The PKCE flow implies that the client application redirects the end-user to an identity provider/authorization server where the authentication and any applicable authorization is completed. For a database connection this means that the end-user inputs his credentials at the identity provider and not directly through the client application.
The client application will then just receive an assertion/token that can be used to know who is the user that just completed an authentication. This works, because a trust relationship is established between the client application and the identity provider and the assertion/token allows to validate that the token is indeed coming from the trusted party.
This flow has the great benefit that the client application does not need to directly process user credentials and as such does not need to worry in doing it in an incorrect way. However, this does mean that active authentication is performed outside of the client application, in this case, it happens as part of your account hosted login page (the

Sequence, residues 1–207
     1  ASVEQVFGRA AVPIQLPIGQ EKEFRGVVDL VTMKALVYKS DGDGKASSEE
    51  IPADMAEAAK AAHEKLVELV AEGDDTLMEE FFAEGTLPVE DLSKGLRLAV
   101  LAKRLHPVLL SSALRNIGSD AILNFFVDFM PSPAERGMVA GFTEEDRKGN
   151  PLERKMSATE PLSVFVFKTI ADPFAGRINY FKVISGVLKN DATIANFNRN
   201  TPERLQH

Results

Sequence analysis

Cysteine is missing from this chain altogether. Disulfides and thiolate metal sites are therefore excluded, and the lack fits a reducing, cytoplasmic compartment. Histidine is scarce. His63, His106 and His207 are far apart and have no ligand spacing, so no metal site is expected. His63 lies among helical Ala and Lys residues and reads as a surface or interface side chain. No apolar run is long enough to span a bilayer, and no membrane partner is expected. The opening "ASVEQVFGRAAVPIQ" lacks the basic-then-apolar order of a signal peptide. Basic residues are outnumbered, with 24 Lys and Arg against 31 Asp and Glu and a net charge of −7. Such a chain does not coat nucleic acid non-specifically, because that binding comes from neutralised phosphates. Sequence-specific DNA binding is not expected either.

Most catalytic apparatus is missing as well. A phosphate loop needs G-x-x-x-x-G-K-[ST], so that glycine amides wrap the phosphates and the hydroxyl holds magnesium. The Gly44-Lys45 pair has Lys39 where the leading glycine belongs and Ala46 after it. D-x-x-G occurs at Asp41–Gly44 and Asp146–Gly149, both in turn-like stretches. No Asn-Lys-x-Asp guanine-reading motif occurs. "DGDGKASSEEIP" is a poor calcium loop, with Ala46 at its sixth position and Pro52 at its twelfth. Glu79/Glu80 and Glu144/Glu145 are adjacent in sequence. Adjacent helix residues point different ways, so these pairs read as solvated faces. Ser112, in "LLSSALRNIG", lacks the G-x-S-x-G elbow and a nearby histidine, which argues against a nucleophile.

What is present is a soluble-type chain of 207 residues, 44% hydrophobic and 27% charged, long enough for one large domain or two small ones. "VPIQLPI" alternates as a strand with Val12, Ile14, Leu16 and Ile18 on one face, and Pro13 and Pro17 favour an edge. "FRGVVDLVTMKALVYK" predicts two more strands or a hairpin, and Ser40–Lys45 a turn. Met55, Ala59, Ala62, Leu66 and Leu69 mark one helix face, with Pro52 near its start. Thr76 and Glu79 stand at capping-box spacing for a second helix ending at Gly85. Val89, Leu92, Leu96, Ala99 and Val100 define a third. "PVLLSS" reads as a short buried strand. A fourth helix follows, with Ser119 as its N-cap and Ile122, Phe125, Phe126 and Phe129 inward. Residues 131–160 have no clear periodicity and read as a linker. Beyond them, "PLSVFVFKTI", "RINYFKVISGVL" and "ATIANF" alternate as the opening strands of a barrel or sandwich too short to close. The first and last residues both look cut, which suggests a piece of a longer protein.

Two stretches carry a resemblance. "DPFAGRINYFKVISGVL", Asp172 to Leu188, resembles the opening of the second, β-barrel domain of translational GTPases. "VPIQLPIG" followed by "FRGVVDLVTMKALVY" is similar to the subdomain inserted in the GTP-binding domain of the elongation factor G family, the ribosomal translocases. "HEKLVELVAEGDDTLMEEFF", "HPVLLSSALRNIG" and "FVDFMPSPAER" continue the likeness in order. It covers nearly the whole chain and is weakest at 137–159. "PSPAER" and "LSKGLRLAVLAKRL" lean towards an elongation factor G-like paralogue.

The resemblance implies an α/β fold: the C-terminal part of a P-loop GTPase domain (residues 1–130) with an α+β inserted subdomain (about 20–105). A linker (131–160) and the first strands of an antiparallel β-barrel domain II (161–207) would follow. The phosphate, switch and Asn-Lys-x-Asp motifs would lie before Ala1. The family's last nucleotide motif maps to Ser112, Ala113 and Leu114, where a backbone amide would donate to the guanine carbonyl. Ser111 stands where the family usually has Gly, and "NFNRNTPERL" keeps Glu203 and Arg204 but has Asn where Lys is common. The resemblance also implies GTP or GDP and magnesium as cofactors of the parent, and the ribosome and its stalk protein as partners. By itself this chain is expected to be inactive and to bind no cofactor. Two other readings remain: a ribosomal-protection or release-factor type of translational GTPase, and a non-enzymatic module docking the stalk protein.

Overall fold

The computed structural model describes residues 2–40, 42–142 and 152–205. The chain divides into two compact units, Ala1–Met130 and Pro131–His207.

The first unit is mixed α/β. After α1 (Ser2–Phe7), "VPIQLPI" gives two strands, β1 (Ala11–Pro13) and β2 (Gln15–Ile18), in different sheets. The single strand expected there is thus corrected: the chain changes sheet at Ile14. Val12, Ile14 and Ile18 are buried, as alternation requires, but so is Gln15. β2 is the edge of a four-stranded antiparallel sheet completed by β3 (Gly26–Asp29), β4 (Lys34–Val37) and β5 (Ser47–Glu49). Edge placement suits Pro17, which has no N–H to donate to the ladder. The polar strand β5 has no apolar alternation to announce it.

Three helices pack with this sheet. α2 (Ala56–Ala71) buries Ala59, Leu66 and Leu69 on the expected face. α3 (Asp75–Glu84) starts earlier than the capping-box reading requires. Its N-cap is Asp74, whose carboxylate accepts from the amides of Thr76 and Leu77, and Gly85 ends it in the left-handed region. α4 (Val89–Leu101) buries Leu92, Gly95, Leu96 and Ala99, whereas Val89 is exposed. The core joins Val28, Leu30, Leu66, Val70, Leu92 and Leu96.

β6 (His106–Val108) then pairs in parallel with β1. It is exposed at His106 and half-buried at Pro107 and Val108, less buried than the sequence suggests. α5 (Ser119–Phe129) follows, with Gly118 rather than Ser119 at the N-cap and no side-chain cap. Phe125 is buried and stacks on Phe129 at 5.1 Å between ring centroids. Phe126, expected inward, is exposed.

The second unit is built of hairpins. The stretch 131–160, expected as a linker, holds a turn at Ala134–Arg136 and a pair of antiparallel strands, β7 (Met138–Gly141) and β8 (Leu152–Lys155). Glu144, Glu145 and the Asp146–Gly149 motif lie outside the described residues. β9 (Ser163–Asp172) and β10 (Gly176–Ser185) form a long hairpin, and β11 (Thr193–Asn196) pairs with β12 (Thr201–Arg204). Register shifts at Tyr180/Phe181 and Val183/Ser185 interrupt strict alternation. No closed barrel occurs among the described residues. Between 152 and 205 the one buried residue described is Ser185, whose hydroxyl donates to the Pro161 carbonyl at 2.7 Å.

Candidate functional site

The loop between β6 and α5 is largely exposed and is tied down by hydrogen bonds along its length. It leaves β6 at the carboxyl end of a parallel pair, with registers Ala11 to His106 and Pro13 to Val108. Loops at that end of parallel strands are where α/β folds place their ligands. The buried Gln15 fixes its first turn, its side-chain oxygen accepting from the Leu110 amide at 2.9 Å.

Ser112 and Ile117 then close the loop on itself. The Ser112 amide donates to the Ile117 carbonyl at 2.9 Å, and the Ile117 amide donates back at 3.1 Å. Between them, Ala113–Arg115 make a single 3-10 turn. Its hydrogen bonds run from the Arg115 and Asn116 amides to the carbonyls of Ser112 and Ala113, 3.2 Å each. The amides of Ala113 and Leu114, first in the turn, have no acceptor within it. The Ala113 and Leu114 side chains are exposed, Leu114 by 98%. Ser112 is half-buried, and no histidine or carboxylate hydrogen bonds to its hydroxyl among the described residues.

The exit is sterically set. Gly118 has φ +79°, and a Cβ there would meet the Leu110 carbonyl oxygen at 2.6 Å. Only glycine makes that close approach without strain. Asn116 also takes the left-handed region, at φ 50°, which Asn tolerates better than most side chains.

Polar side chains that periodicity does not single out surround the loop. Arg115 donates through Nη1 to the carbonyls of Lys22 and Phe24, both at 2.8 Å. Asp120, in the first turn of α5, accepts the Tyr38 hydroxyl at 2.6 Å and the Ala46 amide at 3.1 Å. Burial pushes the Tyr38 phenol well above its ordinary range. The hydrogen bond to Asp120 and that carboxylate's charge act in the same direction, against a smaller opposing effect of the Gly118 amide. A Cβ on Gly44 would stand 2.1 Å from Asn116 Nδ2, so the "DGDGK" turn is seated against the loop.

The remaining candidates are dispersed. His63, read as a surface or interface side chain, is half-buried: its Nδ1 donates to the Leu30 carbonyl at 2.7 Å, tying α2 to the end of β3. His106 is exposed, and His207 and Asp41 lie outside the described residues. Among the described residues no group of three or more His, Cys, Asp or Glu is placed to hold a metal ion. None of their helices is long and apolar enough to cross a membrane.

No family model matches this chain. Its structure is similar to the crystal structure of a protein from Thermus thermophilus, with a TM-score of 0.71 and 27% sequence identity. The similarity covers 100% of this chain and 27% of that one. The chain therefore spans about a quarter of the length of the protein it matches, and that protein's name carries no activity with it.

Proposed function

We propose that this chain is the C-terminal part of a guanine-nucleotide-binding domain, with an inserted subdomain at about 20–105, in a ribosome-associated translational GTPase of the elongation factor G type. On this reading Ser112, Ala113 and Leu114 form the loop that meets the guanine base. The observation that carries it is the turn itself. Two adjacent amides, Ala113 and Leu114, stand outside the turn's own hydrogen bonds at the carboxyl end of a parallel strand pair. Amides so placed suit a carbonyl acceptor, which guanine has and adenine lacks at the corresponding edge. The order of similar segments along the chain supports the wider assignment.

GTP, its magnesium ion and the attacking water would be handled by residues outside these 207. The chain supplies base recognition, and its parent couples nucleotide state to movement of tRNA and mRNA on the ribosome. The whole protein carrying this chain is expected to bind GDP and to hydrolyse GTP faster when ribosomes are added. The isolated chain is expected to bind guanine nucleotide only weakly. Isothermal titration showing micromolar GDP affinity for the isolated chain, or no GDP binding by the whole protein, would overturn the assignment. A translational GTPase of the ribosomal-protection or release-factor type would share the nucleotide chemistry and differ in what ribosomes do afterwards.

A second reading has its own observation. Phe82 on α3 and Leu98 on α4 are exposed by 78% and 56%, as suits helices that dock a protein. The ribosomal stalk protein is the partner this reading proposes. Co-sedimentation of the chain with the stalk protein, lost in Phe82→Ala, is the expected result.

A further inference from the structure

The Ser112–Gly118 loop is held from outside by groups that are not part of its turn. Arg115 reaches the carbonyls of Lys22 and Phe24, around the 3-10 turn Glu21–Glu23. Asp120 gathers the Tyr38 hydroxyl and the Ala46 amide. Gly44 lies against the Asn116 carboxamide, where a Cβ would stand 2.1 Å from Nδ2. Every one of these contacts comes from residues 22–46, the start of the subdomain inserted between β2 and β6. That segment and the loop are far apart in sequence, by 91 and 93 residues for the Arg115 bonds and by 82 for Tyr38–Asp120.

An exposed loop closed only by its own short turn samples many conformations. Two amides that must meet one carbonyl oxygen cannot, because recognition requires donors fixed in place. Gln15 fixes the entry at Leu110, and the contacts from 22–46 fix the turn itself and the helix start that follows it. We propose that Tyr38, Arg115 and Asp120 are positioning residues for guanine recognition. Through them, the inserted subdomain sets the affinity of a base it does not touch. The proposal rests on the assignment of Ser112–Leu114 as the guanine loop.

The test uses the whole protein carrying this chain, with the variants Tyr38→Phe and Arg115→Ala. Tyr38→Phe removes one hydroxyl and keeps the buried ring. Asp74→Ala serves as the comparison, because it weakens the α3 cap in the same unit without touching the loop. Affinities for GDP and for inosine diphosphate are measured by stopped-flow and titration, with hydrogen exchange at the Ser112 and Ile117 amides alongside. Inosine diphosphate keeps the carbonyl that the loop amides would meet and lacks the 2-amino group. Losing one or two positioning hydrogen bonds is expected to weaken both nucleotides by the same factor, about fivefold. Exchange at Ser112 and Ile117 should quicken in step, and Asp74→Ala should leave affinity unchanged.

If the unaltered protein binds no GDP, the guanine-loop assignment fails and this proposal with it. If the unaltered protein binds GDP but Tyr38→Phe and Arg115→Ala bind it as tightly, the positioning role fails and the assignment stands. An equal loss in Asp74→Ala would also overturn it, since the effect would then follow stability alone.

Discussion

/authorize endpoint part of the PKCE flow).
You can completely customize the hosted login page, however, if what you’re aiming for was a custom user interface within the client application itself then for database connections you could consider the use of the resource owner password credentials grant. Have in mind that the use of this grant is not available by default for new clients so you’ll have to make the necessary configurations in your client grant types in order to allow it. In addition, the recommendation is indeed to use PKCE because the client application will not have to process user credentials, but if you understand the implications and you are okay with them for you particular scenario then this would be an alternative that would allow direct exchange of a username and password for tokens.